The Amazon post mortem will likely show something similar, said Brill.
Despite the redundancies and backups built into the Amazon cloud, "you hit a combination of events for which the backups don't work," he said.
Users see the promise of cloud technology as a way to reduce costs and be greener, but "that [also] means concentrating processing in fewer, bigger places," said Brill. Thus, when something goes wrong, "it has a bigger impact."
Meanwhile, the promise of reliable cloud uptime is putting protection advocates -- the IT people who champion more internal reliability and safeguards -- at a disadvantage, he added. "There will always be an advocate for how it can be done cheaper," but "if you haven't had a failure for five years - who is the advocate for reliability?
"My prediction is that in the years ahead we will see more failures than we have been seeing because people have forgotten what we had to do to get to where we are," Brill added.
AppNeta runs its company on Amazon's cloud technology and was thus affected by the outage. However, its problems where short-lived because it's service is architected to respond to a data center failure in Amazon's cloud.
Matt Stevens, the chief technology officer of AppNeta, said its system was able to fallback to an alternative availability zone in another data center in Amazon's cloud.
"You still need to plan for worst-case scenarios," said Stevens, who said Amazon advises its customers to plan for a potential data center interruption. "It was actually their guidance that helped us avoid this from being more being more painful."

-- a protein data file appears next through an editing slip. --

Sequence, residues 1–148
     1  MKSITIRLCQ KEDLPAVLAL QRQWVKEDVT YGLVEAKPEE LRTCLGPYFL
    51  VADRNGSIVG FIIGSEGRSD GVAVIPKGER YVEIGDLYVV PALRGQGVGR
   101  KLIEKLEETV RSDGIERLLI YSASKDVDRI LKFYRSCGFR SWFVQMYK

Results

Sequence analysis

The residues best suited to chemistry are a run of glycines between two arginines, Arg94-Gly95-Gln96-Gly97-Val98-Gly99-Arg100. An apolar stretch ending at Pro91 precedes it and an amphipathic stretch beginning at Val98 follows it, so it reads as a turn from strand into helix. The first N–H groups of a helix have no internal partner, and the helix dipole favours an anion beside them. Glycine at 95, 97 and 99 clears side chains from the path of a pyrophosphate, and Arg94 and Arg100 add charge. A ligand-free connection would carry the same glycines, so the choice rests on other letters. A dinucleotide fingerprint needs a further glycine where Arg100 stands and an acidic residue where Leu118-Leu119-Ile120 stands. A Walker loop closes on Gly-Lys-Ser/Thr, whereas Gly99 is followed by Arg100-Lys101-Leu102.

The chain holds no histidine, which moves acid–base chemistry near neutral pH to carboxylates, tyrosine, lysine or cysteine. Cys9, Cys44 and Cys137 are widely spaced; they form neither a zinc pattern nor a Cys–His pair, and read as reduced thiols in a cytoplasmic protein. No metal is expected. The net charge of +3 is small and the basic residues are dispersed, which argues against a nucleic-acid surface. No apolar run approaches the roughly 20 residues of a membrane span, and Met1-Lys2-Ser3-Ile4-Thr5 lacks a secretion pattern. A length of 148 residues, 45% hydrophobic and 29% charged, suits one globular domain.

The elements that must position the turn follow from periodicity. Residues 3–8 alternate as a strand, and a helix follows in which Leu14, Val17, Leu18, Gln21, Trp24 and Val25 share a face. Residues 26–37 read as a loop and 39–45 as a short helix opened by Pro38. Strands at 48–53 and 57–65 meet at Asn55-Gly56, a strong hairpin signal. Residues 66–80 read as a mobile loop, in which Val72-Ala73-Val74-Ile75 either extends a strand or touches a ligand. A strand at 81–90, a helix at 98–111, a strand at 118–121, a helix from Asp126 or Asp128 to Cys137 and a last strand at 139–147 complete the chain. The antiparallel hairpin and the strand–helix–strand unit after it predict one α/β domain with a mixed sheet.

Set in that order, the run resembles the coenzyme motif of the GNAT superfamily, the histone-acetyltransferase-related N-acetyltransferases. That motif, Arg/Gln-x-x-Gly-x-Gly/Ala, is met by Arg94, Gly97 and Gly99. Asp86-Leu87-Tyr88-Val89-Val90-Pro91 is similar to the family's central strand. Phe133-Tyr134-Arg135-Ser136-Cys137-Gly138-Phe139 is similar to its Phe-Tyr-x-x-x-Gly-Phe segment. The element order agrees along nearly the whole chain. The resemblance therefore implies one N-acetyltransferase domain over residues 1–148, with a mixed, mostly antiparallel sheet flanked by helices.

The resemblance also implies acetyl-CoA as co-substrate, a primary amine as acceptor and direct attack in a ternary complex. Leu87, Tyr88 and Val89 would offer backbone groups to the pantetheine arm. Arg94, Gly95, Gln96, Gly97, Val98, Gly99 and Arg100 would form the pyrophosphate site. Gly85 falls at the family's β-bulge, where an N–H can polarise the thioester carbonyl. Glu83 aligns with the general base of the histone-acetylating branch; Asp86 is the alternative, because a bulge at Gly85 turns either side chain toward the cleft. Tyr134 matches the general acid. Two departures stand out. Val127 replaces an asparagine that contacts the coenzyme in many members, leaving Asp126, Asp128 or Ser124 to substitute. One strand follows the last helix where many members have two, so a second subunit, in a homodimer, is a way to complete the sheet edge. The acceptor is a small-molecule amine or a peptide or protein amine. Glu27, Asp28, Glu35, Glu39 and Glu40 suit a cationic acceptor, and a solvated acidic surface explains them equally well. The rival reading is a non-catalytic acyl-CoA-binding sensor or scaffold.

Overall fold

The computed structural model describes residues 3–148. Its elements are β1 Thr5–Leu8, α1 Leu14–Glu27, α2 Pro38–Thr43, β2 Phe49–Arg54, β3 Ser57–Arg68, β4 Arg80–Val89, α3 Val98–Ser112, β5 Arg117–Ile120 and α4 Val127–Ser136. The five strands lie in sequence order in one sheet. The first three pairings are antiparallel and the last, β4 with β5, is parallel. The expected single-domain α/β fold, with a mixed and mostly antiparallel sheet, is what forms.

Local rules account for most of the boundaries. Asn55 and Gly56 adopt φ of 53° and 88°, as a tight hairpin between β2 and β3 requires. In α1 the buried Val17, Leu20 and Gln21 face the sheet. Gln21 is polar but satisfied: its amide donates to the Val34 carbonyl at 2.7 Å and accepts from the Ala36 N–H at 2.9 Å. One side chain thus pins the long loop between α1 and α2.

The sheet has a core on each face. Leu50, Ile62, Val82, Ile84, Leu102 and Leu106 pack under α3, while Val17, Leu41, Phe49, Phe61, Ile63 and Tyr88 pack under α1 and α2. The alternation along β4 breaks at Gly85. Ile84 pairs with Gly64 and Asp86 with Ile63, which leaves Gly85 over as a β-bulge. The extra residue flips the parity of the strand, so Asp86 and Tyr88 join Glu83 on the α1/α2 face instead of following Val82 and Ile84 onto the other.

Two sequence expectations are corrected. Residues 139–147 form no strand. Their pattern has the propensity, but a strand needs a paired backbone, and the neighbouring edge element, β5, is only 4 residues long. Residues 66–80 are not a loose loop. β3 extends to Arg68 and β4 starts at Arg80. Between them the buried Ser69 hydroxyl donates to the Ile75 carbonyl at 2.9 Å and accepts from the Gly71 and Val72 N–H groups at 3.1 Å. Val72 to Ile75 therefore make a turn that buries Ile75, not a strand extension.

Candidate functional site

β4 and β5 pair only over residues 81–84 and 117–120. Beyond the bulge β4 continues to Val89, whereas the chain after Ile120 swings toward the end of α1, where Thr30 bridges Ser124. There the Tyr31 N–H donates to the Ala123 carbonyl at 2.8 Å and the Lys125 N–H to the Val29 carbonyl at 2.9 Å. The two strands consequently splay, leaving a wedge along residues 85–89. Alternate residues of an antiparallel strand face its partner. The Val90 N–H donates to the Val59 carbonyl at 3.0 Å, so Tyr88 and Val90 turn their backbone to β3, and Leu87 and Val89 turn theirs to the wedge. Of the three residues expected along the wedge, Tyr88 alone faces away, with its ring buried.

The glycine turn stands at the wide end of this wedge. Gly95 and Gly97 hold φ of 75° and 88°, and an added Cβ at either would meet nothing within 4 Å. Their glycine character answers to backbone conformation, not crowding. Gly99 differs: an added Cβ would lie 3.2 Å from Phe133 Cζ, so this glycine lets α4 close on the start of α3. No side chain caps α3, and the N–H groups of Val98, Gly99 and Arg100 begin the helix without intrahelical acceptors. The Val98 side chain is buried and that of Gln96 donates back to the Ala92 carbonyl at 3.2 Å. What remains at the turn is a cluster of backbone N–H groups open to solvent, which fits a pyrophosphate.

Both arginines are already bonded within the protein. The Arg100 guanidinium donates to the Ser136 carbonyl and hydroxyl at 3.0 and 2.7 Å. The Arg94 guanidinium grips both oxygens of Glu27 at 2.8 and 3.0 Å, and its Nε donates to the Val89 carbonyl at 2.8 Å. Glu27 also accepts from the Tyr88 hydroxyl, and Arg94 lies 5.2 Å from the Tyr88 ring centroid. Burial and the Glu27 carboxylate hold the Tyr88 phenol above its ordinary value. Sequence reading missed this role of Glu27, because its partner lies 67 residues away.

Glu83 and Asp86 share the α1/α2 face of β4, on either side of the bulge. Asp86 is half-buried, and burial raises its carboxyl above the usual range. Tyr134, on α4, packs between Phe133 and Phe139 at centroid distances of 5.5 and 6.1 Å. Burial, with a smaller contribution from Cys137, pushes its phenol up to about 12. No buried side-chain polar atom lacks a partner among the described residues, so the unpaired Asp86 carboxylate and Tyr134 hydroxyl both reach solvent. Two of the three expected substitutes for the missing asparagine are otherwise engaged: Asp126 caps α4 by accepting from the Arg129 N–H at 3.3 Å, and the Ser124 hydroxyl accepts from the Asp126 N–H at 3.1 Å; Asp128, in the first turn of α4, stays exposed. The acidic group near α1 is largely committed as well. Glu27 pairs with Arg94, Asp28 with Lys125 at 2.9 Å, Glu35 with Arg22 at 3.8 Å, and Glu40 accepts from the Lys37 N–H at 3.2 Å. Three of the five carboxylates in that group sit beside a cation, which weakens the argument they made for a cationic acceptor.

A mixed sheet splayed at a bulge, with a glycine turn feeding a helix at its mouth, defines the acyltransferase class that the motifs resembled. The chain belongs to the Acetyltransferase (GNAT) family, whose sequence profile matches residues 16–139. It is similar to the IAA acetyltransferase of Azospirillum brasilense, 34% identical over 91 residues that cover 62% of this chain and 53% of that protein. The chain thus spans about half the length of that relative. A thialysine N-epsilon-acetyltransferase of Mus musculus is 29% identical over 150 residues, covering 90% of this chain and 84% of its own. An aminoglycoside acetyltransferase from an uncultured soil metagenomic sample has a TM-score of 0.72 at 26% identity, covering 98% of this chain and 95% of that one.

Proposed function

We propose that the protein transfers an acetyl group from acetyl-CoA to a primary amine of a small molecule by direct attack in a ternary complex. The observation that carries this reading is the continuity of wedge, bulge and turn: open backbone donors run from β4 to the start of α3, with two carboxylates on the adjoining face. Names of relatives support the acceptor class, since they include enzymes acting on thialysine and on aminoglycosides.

Amazon has built the system with multiple levels of disaster recovery, including a design for high availability across virtual infrastructure within a zone, such as the ability to failover between servers, as well as planning to failover to another data center, as AppNeta did.
AppNeta has redundant mirroring of its data in Amazon's S3 storage service, which allowed them to pull that data into a second data center. Their problem was limited to a couple of hours Thursday morning, said Stevens.
Stevens believes that the Amazon's outage will cause people to step back and ask some question about their internal architecture, as well as ask whether to adopt a multi-cloud strategy to do more to spread the risk. "That's certainly got to be top of mind for a lot of CIOs today," he said.